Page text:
If you are new to importing goods into the United States there are many requirements, restrictions, and regulations involved. From quota restrictions, other government agency permits/inspections, and Customs forms. Some information, such as an item being eligible for reduced rates of duty or eligible for one of the many Free Trade Agreements, or products that are not permitted to enter the commerce of the United States because they are manufactured from a facility located in an embargoed country, can only be determined if you know the products Harmonized Tariff Schedule Classification. Determining your product’s tariff number can be extremely complex.
Starting out with a good understanding of Customs regulations and requirements are key to importing success. Below is a brief overview of what is required when shipping goods into the United States.
Requirements for importing into the United States:
1. Customs Clearance or Release:
Customs clearance or commonly referred to as release is probably the first thing to consider. Depending on the value of your shipment you need to determine if a customs broker is required. For shipments valued under $2500.00, U.S. Customs and Border Protection (CBP) will typically allow the goods to enter into the U.S. under an informal entry. However, in cases where the goods are regulated by U.S. Food and Drug Administration (FDA), or if the goods fall under Anti Dumping Duty/ Countervailing Duties, quota, or other restricted goods, these goods require a formal entry and do not qualify for this exemption.
If a formal entry is required you need to have an account set up with a customs broker and documentation prepared prior to shipping. Documentation is usually completed by the exporter or supplier prior to the goods being delivered to the carrier. The importer of record is ultimately responsible to ensure that the documentation provided is accurate and complete. It is critical that you have all the proper documentation and information. Once paperwork is submitted to your customs broker, they will review the information for accuracy prior to the information being submitted to U.S. Customs and Border Protection.
Documents that are typically required with each shipment are listed below:
- Customs or Commercial Invoice
- Bill of lading
- Other government agency documents
- Commodity specific requirements or documents
3. Commodity Specific and Other Government Agencies (OGA):
Commodity specific and other government agency (OGA) requirements depend on other government agencies’ safety, energy efficiency, health, standards, etc. Many of the items cannot be imported without a permit, license or additional documentation to satisfy the agencies’ requirements.
Everything imported into the U.S. must be properly marked with the country of origin. There are some exceptions to the marking requirements which are listed in the federal code of regulations 19CFR134.33 the J List exceptions. Some products are very hard, or impossible, to mark are as follows:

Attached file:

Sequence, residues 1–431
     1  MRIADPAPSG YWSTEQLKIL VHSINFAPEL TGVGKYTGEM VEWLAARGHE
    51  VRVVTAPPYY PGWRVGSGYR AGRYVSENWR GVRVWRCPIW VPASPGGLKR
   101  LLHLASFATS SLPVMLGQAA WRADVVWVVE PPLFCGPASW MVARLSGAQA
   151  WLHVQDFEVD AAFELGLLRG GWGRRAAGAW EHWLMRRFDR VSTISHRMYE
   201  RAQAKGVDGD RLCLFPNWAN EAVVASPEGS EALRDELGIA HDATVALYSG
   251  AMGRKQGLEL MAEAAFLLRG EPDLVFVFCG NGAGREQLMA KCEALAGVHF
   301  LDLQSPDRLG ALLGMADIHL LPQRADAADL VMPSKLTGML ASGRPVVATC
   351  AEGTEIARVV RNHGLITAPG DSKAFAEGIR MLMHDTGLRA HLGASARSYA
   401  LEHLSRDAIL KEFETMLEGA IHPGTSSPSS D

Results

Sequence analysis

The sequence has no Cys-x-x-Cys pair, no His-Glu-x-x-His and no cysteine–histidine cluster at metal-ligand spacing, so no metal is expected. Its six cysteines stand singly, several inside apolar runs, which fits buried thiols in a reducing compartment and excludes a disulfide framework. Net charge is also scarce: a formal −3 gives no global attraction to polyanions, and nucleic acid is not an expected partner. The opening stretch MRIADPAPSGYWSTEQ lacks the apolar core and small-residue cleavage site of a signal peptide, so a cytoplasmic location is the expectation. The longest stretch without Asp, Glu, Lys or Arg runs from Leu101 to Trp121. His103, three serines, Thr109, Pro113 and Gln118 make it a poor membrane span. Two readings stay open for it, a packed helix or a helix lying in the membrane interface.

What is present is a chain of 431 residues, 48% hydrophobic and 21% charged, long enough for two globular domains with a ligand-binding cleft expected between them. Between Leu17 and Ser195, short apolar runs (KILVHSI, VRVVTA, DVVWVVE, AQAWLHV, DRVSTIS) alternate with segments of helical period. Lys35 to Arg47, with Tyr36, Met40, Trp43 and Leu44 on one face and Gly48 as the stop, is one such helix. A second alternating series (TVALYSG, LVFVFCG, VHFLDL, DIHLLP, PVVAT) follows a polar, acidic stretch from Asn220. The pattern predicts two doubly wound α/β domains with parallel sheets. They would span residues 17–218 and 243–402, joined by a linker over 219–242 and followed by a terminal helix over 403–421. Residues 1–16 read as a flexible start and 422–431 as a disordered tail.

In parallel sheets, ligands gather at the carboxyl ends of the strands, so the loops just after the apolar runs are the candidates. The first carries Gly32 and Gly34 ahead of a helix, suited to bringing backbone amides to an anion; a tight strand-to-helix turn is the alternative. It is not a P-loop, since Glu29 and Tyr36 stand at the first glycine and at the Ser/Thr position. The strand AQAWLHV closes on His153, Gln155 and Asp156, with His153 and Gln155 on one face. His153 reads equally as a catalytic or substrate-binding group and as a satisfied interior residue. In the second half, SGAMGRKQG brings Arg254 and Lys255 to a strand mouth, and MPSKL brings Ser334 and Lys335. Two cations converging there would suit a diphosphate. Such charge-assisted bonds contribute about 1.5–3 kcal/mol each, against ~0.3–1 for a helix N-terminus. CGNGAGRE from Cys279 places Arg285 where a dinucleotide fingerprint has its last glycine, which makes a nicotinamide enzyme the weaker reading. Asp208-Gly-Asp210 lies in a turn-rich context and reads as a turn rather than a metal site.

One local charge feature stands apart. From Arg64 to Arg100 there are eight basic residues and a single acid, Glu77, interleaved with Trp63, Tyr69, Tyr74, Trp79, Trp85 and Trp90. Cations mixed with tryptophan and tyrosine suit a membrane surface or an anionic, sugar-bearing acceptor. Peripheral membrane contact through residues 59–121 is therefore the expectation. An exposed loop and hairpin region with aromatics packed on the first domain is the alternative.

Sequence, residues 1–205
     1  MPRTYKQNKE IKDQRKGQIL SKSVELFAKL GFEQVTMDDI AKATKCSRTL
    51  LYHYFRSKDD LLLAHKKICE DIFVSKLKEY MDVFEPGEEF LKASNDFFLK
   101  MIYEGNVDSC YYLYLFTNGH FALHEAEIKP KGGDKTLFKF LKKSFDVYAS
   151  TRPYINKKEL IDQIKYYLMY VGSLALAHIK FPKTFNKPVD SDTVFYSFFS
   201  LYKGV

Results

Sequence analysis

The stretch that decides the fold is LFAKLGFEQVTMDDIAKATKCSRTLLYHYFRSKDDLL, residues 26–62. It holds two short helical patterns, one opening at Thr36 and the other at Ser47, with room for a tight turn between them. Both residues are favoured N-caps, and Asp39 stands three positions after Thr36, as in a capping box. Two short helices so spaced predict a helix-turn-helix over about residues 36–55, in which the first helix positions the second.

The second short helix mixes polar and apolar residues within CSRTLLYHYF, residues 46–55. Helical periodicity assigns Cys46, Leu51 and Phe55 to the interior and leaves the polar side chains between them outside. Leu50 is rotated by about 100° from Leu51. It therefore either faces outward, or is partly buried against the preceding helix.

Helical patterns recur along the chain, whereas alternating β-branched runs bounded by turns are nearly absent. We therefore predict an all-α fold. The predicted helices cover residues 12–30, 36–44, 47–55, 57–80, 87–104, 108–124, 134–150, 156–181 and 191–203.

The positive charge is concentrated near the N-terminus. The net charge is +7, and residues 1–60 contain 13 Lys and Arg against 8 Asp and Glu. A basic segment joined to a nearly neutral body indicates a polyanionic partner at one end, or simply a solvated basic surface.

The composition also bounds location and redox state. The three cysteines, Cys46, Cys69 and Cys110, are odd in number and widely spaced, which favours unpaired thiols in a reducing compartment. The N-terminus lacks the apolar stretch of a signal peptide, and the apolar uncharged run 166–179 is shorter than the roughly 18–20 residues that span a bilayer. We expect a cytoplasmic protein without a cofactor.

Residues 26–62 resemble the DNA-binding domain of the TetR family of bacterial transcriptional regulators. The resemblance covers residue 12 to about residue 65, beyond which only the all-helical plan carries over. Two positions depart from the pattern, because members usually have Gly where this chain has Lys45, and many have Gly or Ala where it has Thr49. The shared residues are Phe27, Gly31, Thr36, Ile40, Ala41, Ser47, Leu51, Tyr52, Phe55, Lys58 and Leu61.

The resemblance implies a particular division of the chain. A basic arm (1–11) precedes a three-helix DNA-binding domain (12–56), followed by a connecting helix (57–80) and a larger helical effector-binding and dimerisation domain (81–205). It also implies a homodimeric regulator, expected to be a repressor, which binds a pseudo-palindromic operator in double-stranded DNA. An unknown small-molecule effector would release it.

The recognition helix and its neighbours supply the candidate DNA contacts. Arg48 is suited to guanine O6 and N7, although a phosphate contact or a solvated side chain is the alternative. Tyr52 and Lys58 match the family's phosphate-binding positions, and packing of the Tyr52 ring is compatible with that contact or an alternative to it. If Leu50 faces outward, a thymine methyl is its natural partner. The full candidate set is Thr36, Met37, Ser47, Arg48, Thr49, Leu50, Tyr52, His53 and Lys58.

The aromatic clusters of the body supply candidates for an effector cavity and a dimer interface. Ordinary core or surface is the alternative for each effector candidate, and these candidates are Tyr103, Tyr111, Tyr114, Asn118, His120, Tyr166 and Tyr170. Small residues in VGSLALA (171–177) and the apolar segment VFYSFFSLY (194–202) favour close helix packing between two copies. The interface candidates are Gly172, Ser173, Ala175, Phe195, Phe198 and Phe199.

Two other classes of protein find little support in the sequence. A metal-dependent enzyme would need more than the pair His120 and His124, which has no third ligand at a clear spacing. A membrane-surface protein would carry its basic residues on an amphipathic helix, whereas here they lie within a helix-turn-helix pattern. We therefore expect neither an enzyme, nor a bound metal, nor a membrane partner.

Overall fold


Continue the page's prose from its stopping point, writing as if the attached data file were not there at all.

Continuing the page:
- cut flowers
If imported in a container and the container reaches the ultimate purchaser, then it is required to be marked with the country of origin.
4. Duty Rates:
Duty rates are fees that are paid to U.S. Customs and Border Protection. Duty rates are based on the classification of the products that are entering the USA. The Importer of Record is responsible for paying these fees. Your customs broker has the authority to pay the duty fees on your behalf and invoice you for them or set up an automated clearing house account for you to pay the duty directly to U.S. Customs.
Products that enter the U.S. are classified according to the Harmonized Tariff Schedule of the United States. Goods are placed in a product category called classification, the number used to classify the product is more commonly referred to as a Harmonized Tariff Schedule or HTS number. The classification number is 10 digits and that number determines the rate of duty that will be applied to your product. U.S. Customs has an online version of the most current HTS codes available.
Classification can be a very difficult process that generally requires a lot of research and product information. You as the Importer of Record (IOR) are ultimately responsible for providing the correct product classification to U.S. Customs. Entering goods into the United States with an incorrect classification or duty rate could result in penalties or increased duty bills. Many importers choose to hire a customs broker to assist them with the classification of their goods. Do not be surprised if your customs broker asks for ingredient lists or written literature on your product when assisting you with your product classification.
In conclusion, it is the Importer of Record’s (IOR) responsibility to make sure that their goods meet all the requirements for entry into the United States. A customs broker is there to lend a hand and assist you with the various requirements and regulations. Always plan ahead and be sure to know before you go to ensure a hassle free importation into the U.S.
To learn more about importing and regulations into the U.S., attend the U.S. Customs Compliance Seminar on Thursday, September 12th, 2013. Sign up today!
Have questions or comments regarding importing to the USA? Leave them in our comments section below or email Ask Your Broker.